Early morning fog rolls in on a snow-capped butte in southeastern Utah’s Monument Valley. The sunrise to the east illuminates one side while the other remains dark.
The butte is one of 15 forever stamps in the new Earthscapes collection from the U.S. Postal Service that features various aerial photographs from around the nation. The images include a geothermal spring in Yellowstone National Park, salt evaporation ponds, and a cranberry harvest as well as many more from states including Alaska, Washington and Massachusetts.
Jim Wark was the photographer for five of the 15 stamps in the collection including the one the Stagecoach Butte in Monument Valley Navajo Tribal Park. Monument Valley straddles the border between Utah and Arizona.
“Utah is the most photogenic state of the continental U.S. Aslaska may be a contender, but the geology of Utah is better,” Wark said.
He took the photograph of the butte while flying over in an plane. The side of the plane opens up in a four foot wide, three foot high hole.
“I try to take the pictures that the other guy doesn’t have,” Wark said.
The Earthscapes collection is inspired partially by the success of the Cloudscapes collection issued five years ago but also in order to encourage a new generation of stamp collectors because October is National Stamp Collecting Month.
Brian Sperry from U.S. Postal Service Corporate Communications said, “We’re hoping these stamps will inspire people of all ages, especially the younger generation, to become interested in collecting stamps, as it is a relatively inexpensive hobby and very educational.”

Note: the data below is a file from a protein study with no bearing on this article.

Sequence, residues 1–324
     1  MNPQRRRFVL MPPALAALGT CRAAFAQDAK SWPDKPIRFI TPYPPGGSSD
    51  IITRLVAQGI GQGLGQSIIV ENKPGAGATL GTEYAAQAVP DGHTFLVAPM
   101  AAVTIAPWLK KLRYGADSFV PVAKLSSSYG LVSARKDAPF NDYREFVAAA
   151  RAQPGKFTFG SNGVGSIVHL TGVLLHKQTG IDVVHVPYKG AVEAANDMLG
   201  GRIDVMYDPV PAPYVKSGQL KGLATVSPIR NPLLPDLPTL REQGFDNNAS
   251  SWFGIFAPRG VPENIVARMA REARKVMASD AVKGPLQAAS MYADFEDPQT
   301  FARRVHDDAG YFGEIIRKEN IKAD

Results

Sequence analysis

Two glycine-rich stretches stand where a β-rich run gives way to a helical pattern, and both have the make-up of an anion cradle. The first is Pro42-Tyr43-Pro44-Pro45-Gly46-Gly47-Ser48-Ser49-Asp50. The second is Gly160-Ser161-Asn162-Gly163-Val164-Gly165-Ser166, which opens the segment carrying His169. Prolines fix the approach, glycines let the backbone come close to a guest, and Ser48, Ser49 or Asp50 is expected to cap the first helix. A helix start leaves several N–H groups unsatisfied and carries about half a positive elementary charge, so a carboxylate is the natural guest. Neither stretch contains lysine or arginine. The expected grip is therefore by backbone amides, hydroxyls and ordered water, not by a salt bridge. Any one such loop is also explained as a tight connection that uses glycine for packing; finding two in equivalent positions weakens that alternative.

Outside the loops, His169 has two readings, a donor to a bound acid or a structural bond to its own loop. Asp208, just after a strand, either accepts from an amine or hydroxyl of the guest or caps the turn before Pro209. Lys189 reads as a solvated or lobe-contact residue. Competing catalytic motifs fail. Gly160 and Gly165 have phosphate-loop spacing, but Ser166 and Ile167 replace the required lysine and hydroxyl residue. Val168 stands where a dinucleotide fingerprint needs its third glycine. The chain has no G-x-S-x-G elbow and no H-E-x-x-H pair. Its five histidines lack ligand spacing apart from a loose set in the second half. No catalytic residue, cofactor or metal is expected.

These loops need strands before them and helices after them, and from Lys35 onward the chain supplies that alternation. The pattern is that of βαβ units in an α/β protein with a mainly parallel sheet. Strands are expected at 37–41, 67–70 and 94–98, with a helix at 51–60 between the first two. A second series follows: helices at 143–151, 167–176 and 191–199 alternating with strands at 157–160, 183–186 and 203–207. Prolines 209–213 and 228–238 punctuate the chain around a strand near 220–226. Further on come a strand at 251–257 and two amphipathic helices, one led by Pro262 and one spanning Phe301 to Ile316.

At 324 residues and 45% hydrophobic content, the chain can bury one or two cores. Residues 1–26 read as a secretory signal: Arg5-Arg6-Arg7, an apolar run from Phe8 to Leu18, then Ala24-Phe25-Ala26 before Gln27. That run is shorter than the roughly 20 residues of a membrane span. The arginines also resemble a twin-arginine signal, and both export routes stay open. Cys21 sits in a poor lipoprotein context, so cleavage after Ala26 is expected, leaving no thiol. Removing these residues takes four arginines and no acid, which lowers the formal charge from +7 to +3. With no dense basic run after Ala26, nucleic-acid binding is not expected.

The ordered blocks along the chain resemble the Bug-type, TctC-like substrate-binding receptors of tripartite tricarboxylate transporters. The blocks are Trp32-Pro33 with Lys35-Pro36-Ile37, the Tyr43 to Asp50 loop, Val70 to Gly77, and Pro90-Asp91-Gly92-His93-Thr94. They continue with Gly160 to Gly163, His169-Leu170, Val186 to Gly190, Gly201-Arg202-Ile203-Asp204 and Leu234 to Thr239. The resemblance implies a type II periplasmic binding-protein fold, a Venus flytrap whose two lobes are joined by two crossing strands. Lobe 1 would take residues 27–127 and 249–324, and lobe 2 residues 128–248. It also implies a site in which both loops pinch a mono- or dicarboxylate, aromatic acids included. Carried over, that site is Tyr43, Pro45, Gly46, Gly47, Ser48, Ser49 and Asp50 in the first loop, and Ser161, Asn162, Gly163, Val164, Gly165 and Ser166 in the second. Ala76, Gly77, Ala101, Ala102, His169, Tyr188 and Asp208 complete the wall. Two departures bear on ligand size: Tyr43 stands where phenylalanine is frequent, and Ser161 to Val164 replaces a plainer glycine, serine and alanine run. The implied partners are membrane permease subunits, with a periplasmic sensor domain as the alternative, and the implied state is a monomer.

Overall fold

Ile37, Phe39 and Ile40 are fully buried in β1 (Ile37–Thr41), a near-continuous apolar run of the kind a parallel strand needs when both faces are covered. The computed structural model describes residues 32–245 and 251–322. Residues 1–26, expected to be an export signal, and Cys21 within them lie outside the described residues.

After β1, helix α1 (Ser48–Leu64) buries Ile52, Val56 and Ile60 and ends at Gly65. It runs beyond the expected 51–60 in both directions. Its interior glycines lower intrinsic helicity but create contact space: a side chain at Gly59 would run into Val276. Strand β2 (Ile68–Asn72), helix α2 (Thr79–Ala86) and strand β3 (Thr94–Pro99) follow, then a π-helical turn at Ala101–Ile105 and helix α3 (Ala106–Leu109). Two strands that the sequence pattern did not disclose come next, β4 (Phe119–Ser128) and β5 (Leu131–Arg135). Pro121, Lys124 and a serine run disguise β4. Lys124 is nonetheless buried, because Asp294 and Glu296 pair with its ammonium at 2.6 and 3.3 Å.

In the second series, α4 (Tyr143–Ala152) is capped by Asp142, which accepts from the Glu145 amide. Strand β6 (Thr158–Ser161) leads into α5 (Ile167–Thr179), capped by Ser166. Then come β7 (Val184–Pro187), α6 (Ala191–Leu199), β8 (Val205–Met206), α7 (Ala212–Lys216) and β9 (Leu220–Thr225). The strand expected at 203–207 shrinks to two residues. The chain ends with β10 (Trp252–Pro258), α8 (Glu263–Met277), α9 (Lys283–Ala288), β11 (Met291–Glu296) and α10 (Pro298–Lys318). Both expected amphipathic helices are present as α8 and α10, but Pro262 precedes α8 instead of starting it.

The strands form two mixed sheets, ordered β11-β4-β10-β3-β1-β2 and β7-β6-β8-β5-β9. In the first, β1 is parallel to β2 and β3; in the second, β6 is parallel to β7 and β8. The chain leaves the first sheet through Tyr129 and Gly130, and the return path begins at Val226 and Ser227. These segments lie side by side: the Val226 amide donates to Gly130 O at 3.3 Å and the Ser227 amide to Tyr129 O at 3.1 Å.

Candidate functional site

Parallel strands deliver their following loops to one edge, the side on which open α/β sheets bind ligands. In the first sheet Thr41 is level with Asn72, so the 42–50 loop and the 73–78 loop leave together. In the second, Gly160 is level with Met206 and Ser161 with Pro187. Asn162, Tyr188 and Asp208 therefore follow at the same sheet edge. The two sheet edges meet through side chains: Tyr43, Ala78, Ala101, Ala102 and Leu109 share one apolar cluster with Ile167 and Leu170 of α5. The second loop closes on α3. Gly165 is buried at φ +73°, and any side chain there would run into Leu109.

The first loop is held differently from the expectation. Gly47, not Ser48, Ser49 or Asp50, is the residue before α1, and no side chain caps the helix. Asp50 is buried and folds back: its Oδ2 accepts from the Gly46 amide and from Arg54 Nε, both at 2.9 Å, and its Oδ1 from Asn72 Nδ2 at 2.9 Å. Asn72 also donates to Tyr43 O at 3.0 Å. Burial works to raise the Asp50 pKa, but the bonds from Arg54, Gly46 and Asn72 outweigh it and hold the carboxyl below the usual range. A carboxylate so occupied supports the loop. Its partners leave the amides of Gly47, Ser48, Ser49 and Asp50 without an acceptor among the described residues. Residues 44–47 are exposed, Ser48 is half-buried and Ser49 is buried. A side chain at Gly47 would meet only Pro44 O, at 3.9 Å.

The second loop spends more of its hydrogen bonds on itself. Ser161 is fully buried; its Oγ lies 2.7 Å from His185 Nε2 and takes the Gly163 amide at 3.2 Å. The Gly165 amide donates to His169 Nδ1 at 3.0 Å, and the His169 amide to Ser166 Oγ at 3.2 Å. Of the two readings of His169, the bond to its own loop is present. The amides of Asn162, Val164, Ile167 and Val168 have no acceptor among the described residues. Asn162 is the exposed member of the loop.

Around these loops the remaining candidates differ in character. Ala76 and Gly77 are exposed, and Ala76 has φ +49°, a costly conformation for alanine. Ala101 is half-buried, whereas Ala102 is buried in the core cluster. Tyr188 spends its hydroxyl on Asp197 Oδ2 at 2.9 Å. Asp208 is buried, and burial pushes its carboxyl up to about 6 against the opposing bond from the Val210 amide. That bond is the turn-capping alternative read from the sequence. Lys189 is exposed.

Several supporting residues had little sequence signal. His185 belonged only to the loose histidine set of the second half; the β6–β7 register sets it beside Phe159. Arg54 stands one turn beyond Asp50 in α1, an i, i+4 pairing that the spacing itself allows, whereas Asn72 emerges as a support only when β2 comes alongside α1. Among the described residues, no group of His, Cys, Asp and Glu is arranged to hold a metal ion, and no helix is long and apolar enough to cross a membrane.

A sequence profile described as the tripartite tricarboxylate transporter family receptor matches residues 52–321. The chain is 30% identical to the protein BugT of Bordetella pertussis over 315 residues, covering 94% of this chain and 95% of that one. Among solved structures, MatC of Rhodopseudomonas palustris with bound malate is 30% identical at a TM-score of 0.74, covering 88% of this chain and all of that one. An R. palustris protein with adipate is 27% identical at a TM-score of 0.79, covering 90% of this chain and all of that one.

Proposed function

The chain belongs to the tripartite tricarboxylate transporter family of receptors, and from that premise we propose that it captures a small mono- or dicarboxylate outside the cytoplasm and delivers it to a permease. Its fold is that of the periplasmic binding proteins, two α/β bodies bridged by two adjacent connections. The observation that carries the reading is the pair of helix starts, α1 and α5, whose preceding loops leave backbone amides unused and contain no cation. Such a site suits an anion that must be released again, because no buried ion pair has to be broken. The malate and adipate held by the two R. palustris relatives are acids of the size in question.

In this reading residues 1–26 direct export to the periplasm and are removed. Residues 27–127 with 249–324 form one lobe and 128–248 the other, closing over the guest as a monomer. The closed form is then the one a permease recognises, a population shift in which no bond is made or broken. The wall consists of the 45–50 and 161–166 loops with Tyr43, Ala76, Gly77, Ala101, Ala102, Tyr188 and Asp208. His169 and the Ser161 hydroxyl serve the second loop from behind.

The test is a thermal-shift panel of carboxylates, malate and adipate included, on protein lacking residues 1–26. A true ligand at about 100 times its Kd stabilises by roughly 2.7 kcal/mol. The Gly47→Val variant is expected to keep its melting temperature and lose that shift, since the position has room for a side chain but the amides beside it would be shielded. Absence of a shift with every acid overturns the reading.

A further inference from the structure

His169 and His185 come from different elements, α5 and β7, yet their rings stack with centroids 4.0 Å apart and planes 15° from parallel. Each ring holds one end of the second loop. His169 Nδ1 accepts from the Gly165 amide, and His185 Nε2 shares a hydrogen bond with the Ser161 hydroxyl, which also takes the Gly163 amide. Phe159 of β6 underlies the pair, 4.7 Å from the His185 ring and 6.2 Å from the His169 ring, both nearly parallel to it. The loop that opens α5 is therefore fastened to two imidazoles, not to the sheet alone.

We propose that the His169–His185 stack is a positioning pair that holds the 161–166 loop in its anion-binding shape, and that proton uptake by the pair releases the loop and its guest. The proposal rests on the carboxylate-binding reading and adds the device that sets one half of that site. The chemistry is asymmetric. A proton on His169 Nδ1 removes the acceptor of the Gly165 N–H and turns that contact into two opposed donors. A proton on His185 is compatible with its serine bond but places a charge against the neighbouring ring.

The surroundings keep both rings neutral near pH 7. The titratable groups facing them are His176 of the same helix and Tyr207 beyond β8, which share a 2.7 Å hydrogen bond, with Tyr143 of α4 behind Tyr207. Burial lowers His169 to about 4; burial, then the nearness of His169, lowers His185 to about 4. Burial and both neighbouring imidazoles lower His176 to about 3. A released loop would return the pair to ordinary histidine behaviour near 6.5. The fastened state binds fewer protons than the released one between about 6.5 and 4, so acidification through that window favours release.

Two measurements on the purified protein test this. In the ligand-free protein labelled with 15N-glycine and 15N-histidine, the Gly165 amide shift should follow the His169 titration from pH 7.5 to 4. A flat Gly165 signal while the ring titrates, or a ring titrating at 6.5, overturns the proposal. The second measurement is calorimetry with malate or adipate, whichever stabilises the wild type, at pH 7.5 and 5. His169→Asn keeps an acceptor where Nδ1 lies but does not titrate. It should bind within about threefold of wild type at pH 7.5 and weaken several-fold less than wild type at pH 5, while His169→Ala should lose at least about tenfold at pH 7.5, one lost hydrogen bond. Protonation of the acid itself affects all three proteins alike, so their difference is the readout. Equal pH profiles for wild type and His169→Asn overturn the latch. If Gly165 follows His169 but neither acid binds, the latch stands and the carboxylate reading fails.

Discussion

Sperry hopes the stamps will inspire people to write letters. “Emails can’t compare to the warmth and personal nature of a written card or letter,” Sperry said. “I would encourage everyone to buy a sheet of the Earthscapes stamps and put pen to paper and reach out to someone, maybe an old friend or a distant family member. It will make their day in a way an email would not.”
Sperry loves the beauty of the stamps and believes they provide a unique view of of the nation. “It’s our familiar world, shrunken into miniature — and seen from a fresh perspective,” Sperry said.
The Earthscapes collection went on sale on Oct. 1 at post offices nationwide.
The choice of subjects comes in large part from citizens. The public can submit suggestions for stamps and a Citizens’ Stamp Advisory Committee recommends stamp proposals to the Postmaster General each year.
The Citizens’ Stamp Advisory Committee looks for stamp subjects that are both interesting and educational.
The Monument Valley stamp is not the first time Utah has been featured on U.S. stamps, the first time being in 1934 and depicted the Great White Throne in Zion’s National Park.